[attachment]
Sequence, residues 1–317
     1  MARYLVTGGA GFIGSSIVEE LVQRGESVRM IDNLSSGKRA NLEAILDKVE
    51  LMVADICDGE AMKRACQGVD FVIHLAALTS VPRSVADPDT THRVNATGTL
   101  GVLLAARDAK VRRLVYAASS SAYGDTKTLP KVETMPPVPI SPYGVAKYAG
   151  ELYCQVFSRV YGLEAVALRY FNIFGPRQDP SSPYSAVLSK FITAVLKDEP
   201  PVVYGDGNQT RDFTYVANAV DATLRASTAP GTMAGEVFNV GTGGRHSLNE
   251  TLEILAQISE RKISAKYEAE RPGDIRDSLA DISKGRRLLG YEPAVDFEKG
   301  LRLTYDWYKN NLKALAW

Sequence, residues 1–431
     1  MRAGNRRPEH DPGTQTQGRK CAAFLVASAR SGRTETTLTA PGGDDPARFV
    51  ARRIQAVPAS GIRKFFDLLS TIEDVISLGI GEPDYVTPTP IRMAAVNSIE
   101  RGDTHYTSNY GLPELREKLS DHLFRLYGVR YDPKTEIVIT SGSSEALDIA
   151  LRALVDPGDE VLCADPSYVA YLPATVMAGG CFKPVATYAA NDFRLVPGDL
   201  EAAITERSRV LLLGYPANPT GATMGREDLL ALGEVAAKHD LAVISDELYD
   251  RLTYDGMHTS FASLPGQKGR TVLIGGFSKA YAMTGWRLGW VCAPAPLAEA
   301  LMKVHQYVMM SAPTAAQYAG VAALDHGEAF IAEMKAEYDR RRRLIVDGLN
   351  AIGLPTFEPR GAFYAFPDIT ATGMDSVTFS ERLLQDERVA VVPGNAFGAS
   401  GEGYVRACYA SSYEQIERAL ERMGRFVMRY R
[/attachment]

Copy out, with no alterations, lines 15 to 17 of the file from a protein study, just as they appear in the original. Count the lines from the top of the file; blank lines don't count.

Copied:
   251  RLTYDGMHTS FASLPGQKGR TVLIGGFSKA YAMTGWRLGW VCAPAPLAEA
   301  LMKVHQYVMM SAPTAAQYAG VAALDHGEAF IAEMKAEYDR RRRLIVDGLN
   351  AIGLPTFEPR GAFYAFPDIT ATGMDSVTFS ERLLQDERVA VVPGNAFGAS